Switching Material Improves Productivity, Bar None


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Serving the exacting and specialized requirements of the medical implant industry requires manufacturers to not only use the most precise, state-of-the-art metalworking equipment, but also high quality raw materials, including precision ground bar capable of offering tight dimensional tolerances and exceptional diameter uniformity.

Hammill Medical division of Hammill Manufacturing Co., Maumee, Ohio, a contract implant producer that specializes in high precision products such as bone screws, spinal implants, femoral knee joints and fixation systems, began using titanium Ultrabar small diameter “extra-precision” ground titanium bar on its CNC Swiss-type screw machines a little more than a year ago. That switchover has resulted in efficiency improvements of 25 percent or more. Titanium Ultrabar, developed by Dynamet Inc., a subsidiary of Carpenter Technology Corp., is known for offering tight dimensional tolerances and exceptional diameter uniformity, meeting the demanding needs of manufacturers who make precision parts using Swiss-type screw machines.

Demand for medical implants, especially spinal implants, has been growing at a rapid rate for at least the past 5 to 7 years—approximately 10 percent a year—according to the Millennium Research Group. Demand has continued to grow, albeit at a somewhat lower rate, even during the current economic downturn, given that many implants—especially spinal implants—are not necessarily elective procedures.

Hammill Medical does contract business for medical device manufacturers and has 12 Swiss-type sliding headstock machines, which are used around the clock. In Swiss-type machines, the high precision titanium bar must spin at a high rpm while traveling through a guide bushing as tools are indexed to form high precision components for critical applications. Roundness, straightness and size consistency from bar end to bar end and lot to lot are the features that Hammill was seeking.

Accuracy is very important to Hammill Medical, as about 65 percent of the implants it machines with Swiss lathes are bone screws. Bone screws need to be very precisely machined and exhibit extreme tolerances. “Each part in the stack-up assembly that is eventually implanted in the vertebrae has to be sized perfectly so they not only lock together with ease, but they also have to maintain that holding power throughout the life of the implant,” Jeff McFarland, the company’s production supervisor, explains.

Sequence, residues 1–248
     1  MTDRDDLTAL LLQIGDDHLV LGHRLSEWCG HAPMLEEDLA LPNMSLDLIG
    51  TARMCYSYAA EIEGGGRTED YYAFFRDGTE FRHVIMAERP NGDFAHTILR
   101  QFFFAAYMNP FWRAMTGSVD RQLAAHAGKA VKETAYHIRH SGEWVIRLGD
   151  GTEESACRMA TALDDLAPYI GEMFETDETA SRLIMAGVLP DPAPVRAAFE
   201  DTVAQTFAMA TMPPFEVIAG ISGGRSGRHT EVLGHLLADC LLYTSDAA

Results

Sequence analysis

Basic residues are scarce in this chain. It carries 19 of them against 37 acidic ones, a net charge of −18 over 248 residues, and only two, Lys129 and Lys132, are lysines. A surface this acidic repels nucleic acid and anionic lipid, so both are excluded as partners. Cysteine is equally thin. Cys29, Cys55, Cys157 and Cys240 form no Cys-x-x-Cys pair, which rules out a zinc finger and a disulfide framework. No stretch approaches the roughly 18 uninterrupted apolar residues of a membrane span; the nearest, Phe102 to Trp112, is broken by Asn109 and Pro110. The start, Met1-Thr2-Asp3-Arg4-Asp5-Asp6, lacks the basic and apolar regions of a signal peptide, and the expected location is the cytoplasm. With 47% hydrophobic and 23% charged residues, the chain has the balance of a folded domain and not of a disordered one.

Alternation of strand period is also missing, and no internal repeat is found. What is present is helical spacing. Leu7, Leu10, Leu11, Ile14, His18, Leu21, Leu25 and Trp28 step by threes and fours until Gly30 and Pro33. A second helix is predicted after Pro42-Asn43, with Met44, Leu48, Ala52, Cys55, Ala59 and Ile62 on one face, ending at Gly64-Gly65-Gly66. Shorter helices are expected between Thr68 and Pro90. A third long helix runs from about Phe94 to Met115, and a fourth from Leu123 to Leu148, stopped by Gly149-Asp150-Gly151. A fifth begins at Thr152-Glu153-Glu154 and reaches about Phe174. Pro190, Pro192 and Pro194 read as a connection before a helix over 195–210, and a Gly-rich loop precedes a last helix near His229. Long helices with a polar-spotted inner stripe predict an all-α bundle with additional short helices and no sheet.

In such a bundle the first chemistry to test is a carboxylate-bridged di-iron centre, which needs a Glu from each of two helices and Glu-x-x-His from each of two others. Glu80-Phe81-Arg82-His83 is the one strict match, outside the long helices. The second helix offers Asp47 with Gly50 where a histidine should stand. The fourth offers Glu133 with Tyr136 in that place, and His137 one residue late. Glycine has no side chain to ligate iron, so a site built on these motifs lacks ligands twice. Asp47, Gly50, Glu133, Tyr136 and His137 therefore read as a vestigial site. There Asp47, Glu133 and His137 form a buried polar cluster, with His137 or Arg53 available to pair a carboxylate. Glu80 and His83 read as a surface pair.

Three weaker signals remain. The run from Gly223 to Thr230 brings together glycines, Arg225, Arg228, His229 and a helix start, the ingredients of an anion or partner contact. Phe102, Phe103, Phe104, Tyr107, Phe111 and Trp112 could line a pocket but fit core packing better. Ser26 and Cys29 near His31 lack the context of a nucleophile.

Prior to using titanium Ultrabar, Hammill had been using precision ground titanium bar with the same material composition, both physically and chemically. Moving to titanium Ultrabar provided the efficiency gains that the company was looking for by reducing intermittent adjustments and increasing throughput per shift.

“That was a major gain for us,” Mr. McFarland says. “When productivity increases, it means we need to get more from our machines and to optimize our capacity, which, in turn, allows us to be a reliable supplier to our customers,” he explains.

Prior to switching to Ultrabar, Mr. McFarland says the company researched various machine technologies and the possible modification to existing equipment, but decided that upgrading to Ultrabar would be the best option for achieving its manufacturing goals. Efficiency improvements of 25 percent or more were achieved on certain jobs.
In addition, Mr. McFarland says operators spend less time on material setup and process optimization and can focus on other tasks. “Switching to Ultrabar cost us more in material, but the higher cost is more than offset by the increase in productivity and capacity,” he says.

Through a special grinding process, this titanium bar is produced to much tighter specifications, including tighter diameter tolerances, roundness and straightness, and has better overall size variability than conventionally ground precision bar, says Thomas U. Zuccarini, Dynamet’s market manager for medical and consumer.

Best suited for use in Swiss-type machine tools, the bar was developed approximately 3 years ago to meet the needs of certain customers who were taking conventional precision bar to custom grinding houses to create the kind of dimensions that are now available with titanium Ultrabar. Mr. Zuccarini says, “We decided to provide a bar that satisfied our customers’ needs without the need for them to go outside for finishing services.”

According to Mr. Zuccarini, acceptance of this bar has been better than expected in medical implant and dental applications. “Companies seeking more productivity, better yields, and faster setups for higher quality and more complex parts gravitate from standard bar products to Ultrabar.”

While it is primarily chosen for a variety of medical and dental implant components, Mr. Zuccarini says the bar could also be used in other markets that require very tight dimensions and a high quality surface finish, possibly the high-end watch market for internal titanium components.

Hammill uses Ultrabar as large as 12.7-mm (0.500-inch) diameter Ti 6Al-4V. It is also available in as small as 3-mm diameter (0.118 inch) and in many other grades of medical titanium, including Ti 6Al-4V ELI, Ti 6Al-7Nb, Ti CP-Grade 1, Ti CP Grade 2, Ti CP-Grade 3, Ti CP-Grade 4 and Ti 15Mo in lengths as long as 4.26 meters (14 ft.).
“Throughput is critical to our company,” Mr. McFarland says. “Ultrabar gives us the assurance that we can continually meet our customers’ specifications and delivery timeframe. When making a precision part, you need to start with a high quality raw material.”


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